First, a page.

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Hitting the Trails With Your Kids: Tips to Foster Their Love of the Outdoors

Monday, July 18th, 2016

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Hitting the Trails With Your Kids: Tips to Foster Their Love of the Outdoors

By Heather Gannoe

To some of us, being in the woods, on the trails, or at the summit of a mountain is the most peaceful, magical place we can dream of. As parents, we naturally want our kids to experience and be part of that same magic, as well as develop their own love for the great outdoors. Before my kids could even walk, I dreamt of the day I could take them on adventures or out running with me. In that daydream, we all smiled from ear to ear, the sun beaming down on our faces between the trees, as we all happily gallivanted through the woods.

Ten years later, my kids and I are indeed gallivanting through the woods, but it isn’t always happy and full of smiles. The truth is, teaching your kids to love the outdoors, or enjoy hiking or trails running, can be an adventure in and of itself. But with these tips you can help foster a love of the trails in your children, and hopefully elicit far more smiles than “are we there yet?” complaints.

Start small. If it’s your child’s very first trail run or hike, don’t expect them to go out and cover a 10K or technical mountain pass. Think of them as a brand new runner or hiker, and gradually increase distance and time on feet accordingly. Start with shorter, easy to bail out on, trails. If you are running, have the kids run in intervals, in order to give them plenty of walk breaks. Little kids are resilient, but they are not immune to overuse injuries, just like the rest of us.

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Be Patient & Ditch Time Constraints. This should absolutely be the golden rule of hiking and trail running with little ones. Kids have little legs. They tire easy. They are also easily distracted. A short summit that may typically take you an hour, might take two or three hours if you have little ones in tow. Be understanding of the fact that physically, it’s going to take little ones longer than you to cover the same distance.

Further, remember that kids are full of wonder and curiosity. Don’t be frustrated if your little one wants to stop every 200 yards to look at a mushroom or some moss. Foster and encourage their curiosity, and remember that the great outdoors IS mother nature’s classroom.

Make Them a Part of the Adventure. Kids will feel less “dragged along for the ride” and more a part of the adventure if you give them an active role. Let them carry their own gear in a kid sized backpack or hydration pack. Further, make them feel extra important by letting them carry a vital piece of equipment, such as their own compass or a small first aid kit. Let them help plan the route, and leave them in charge of looking out for and following trail blazes. (Of course, quietly keep an eye out yourself. Because as mentioned above, kids are easily distracted).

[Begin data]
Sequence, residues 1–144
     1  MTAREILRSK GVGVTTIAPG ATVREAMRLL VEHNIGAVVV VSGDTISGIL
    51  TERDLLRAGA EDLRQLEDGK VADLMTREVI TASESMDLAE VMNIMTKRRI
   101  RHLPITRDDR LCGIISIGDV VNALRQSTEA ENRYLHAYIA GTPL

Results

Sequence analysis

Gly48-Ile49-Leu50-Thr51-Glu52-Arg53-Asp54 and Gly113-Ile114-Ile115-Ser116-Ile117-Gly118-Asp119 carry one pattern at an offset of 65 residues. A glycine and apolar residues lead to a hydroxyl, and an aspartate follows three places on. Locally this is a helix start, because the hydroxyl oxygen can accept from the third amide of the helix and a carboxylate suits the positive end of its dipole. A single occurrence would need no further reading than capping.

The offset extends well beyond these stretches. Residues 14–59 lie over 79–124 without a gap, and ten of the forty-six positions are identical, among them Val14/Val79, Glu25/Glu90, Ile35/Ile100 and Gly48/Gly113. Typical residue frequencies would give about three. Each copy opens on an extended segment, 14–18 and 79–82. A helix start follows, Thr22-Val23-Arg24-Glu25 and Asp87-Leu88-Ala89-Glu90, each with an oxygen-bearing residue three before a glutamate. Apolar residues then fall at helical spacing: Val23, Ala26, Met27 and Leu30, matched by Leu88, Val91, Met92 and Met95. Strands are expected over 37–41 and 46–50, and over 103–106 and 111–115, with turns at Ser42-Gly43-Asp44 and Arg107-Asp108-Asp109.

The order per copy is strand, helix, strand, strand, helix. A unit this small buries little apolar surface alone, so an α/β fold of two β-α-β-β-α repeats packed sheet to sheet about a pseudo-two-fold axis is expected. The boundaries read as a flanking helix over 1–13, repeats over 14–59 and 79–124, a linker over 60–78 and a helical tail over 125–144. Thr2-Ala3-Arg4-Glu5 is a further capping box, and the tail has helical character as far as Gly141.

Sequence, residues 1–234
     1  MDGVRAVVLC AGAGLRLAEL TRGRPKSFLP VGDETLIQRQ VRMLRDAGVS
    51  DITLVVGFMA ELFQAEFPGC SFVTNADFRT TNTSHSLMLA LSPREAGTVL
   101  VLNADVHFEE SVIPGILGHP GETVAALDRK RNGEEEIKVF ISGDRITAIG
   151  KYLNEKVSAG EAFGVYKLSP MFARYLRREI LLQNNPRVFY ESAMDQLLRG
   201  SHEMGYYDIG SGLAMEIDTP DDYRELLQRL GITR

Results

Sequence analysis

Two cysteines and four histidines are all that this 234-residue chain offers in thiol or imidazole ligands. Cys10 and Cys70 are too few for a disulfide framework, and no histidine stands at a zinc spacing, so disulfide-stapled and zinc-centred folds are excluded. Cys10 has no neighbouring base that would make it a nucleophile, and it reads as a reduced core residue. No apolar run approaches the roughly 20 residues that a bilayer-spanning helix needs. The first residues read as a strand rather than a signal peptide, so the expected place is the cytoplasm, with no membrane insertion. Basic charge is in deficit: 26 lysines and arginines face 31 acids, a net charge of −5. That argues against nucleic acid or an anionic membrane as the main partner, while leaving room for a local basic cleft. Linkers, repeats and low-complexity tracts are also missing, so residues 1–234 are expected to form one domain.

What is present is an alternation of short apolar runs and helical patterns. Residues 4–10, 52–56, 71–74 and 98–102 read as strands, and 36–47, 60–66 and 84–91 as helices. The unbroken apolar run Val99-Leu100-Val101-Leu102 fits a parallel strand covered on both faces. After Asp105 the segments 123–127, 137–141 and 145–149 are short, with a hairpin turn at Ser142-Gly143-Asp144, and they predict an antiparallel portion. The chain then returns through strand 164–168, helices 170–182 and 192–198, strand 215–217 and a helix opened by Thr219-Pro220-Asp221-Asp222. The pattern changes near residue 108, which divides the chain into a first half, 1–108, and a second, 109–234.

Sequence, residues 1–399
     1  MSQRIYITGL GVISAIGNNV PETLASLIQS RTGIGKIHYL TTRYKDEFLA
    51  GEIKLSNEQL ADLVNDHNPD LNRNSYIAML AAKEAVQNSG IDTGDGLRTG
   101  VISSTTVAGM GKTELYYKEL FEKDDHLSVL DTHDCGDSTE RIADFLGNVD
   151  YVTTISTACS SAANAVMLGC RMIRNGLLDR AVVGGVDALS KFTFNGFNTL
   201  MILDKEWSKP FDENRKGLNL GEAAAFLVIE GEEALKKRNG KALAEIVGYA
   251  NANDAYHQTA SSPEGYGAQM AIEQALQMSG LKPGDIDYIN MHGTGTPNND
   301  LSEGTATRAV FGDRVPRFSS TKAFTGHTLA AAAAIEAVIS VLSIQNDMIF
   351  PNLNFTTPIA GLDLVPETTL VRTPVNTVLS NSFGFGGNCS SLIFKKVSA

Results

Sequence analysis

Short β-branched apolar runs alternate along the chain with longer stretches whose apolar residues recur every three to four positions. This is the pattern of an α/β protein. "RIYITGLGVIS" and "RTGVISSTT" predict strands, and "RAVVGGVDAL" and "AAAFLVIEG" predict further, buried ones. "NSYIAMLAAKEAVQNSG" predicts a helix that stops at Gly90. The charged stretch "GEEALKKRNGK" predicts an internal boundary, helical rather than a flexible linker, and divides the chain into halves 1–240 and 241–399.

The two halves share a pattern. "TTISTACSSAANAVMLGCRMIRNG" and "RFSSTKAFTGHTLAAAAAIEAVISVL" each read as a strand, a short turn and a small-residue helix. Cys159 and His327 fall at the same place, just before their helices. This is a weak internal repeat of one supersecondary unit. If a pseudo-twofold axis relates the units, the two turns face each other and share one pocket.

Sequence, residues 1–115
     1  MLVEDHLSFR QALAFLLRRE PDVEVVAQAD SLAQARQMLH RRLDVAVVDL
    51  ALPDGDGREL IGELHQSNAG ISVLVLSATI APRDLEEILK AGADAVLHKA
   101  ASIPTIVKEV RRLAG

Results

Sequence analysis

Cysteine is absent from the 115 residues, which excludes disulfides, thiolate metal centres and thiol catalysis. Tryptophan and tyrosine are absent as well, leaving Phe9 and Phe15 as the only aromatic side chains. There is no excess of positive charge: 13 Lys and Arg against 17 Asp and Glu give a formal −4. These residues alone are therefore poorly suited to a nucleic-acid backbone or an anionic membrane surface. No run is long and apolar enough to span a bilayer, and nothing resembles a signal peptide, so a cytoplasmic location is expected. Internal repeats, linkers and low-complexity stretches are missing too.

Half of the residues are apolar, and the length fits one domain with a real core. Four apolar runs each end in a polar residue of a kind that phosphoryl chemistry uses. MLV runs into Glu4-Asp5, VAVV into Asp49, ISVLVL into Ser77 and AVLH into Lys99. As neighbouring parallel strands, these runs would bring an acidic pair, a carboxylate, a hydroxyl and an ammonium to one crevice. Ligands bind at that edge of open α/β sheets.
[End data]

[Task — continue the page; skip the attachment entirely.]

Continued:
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Hydration and Nutrition Matter. We all know the importance of fueling and hydrating while hiking or running. And while kids are awesome at listening to their little bodies when it comes to thirst and hunger, the excitement of being outdoors, plus the added caloric burn of a big hike, may result in an inadvertent blood sugar crash and burn. Remind them frequently to drink and eat when needed.

The Right Gear Matters Too. I know, outdoor gear can be an expensive habit. But with kids, it doesn’t have to be. You don’t have to buy the same high-end labels and name brand hiking pants or running shorts that adults love to wear, but you do want to make sure your kids are comfortable. Sweat wicking, technical fabric always wins over cotton, and mini, inexpensive versions can be purchased at both sporting goods stores and big name departments stores. Or better yet, check your local second hand kids shop, as kids often grow out of clothing so fast, you can buy like-new-gear at a fraction of the cost. Dress them in the same manner you would dress yourself based upon the trail conditions, with layers if needed. Make sure your kids have on appropriate trail running sneakers or hiking boots that fit properly.

Apply Skillful Distraction Methods, if necessary. You know, the kinds of distraction methods you acquire the second you become a parent. Little legs tired? Check out that toad! Cries of “I’m boooreeed!”? Create a scavenger hunt! Sing songs, play “I spy”, make it fun, so the kids forget the monotony that sometimes accompanies walking or running for long distances.

And most importantly:

Encourage, encourage, encourage. Resist the urge to tell your fully capable ten year old that he is moving slower than a 90 year old with a walker. On a serious note, tell them how impressed you are that they are tackling such a big adventure. Positive reinforcement works far better than the alternative…especially when you have made it past the halfway point. Play along when you reach the summit and they believe they are now on top of the world, because in their little minds, they truly are.

Encourage the adventure…one day they will thank you.

Heather Gannoe, is an ACSM certified Exercise Physiologist who splits her time between working as a personal trainer and running coach, and writing as a blogger and author in the fitness and running industry.   She’s also a mom to two young boys, and is constantly encouraging them to love the great outdoors a little more, and their video games a little less.  Trail running really long distances is her true love, but she’ll never turn down an adventure.  Keep up with her adventures on www.RelentlessForwardCommotion.com.